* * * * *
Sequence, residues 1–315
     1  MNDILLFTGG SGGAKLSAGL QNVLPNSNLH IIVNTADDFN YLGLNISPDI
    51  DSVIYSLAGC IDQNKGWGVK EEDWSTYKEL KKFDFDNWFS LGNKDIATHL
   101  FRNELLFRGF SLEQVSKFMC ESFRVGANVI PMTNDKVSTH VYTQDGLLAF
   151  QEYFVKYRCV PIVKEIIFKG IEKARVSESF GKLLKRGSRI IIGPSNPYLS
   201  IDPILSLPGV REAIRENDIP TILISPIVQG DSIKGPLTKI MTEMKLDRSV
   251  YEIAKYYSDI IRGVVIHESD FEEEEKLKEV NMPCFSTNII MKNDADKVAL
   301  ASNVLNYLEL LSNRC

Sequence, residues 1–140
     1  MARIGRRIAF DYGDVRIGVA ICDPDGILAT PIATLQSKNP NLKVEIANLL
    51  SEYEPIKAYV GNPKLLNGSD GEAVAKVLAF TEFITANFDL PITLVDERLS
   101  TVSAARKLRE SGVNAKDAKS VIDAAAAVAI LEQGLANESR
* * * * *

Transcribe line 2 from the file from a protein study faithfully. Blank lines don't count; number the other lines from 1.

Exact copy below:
     1  MNDILLFTGG SGGAKLSAGL QNVLPNSNLH IIVNTADDFN YLGLNISPDI